There are numerous references, some fictional, some not, to an underground river flowing beneath downtown Birmingham. UAB geology instructor George Brockman attested to the presence of a below-ground stream downtown. The floor of Jones Valley, like much of the Birmingham District, consists primarily of limestone karsts. Limestone is a relatively soft sedimentary rock which is easily worn and shaped by eons of water flow. Slightly acidic runoff can accelerate the formation of caverns which become sinkholes when they collapse.
- Early settlers were supposedly informed by Native Americans that an underground stream ran the full length of the county. According to Leah Rawls Atkins' 1981 history, The Valley and the Hills, "Indian children, when they came into the white settlements to trade at the stores, would play with pioneer children and tell them stories of how they had come from a long canoe ride on this underground river."
- According to a 1954 account by his granddaughter, engineer William Barker, who laid out the city's lot lines for the Elyton Land Company, was convinced of the presence of an underground river.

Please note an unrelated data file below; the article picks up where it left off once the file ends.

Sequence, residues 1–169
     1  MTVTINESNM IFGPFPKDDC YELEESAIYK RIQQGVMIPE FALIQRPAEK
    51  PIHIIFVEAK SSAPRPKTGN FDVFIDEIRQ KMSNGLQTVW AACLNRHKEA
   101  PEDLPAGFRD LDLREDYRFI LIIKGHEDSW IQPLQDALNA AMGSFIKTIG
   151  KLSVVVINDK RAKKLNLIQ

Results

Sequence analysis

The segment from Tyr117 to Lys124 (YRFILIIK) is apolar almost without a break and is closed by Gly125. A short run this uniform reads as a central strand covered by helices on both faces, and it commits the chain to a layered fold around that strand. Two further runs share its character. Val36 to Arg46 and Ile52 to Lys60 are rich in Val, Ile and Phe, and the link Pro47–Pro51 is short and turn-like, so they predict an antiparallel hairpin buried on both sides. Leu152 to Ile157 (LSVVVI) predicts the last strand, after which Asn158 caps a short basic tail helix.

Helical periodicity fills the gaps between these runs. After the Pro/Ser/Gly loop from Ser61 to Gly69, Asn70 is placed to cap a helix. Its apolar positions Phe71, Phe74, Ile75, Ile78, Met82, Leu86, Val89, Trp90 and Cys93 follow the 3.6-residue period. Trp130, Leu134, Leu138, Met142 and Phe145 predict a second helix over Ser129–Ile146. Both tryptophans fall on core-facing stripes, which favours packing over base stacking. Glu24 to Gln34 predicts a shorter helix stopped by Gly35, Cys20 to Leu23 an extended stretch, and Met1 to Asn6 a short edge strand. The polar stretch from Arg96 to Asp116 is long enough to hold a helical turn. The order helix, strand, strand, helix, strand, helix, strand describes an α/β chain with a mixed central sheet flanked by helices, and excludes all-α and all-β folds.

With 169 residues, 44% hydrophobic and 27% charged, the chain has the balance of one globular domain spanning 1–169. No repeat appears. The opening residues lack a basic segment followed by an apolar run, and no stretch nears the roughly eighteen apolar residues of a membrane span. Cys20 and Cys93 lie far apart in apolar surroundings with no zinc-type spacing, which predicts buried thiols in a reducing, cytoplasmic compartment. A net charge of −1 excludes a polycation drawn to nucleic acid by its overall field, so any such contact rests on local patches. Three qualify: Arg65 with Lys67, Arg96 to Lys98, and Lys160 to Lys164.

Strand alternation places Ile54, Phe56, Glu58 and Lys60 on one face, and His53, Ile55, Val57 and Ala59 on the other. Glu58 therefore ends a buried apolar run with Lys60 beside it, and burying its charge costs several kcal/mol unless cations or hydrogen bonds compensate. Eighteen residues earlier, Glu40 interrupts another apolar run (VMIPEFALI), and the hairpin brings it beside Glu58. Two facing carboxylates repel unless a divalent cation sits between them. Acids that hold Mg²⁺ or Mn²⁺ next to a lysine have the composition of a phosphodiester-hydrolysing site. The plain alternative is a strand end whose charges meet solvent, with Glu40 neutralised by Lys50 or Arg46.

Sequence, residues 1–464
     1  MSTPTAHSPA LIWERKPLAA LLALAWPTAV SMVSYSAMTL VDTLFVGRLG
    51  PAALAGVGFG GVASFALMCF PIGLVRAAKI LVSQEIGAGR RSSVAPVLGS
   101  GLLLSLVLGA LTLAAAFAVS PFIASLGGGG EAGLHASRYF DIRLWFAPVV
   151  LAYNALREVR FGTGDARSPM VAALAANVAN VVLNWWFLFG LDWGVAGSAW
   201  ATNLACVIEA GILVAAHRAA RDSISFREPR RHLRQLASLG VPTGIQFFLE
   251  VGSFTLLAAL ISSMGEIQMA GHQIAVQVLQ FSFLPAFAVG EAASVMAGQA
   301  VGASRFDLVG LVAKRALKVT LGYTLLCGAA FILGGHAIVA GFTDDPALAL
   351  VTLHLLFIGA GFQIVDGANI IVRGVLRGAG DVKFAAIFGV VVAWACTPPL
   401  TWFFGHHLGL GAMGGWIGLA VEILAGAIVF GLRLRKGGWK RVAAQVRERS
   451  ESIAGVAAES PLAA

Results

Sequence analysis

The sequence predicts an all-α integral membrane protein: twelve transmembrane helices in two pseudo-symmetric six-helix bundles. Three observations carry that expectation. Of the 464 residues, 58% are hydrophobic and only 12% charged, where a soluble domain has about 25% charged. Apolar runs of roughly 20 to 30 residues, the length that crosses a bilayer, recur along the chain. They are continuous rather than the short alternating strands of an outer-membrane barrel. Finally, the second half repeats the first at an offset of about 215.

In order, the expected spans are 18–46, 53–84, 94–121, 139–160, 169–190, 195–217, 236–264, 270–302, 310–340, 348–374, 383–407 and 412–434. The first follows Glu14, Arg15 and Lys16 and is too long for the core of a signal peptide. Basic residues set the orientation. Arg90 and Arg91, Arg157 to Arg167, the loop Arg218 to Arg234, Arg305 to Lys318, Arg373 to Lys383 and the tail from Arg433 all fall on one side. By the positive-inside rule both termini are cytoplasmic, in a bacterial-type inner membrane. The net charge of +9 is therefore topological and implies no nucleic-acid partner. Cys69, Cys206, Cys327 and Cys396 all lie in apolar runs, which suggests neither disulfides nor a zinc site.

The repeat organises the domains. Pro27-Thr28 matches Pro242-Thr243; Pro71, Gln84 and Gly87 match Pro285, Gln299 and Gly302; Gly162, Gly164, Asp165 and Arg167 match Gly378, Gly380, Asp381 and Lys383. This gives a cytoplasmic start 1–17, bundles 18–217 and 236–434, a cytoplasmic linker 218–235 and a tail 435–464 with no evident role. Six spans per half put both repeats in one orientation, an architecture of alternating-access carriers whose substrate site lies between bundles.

- R. H. L. Wharton purchased the "water privilege" for the infant city in 1871 and dug wells on 2nd Avenue North at 20th (in front of the Webb Building) and between 20th and 21st Streets. The latter well was reported to have struck an underground stream and to be inexhaustible. Wharton's wells were closed after the establishment of the Birmingham Water Works in 1872. A spring was still reported to exist below the Dude Saloon in the Webb Building that "used to supply the neighborhood with water." A third well in the center of the intersection of 2nd Avenue and 21st Street was reported to have had the bottom drop out of it.
- Asked in the 1880s, older citizens said they knew of a "lime sink" near 5th Avenue and 20th Street where cold water could be drawn up in buckets from far below.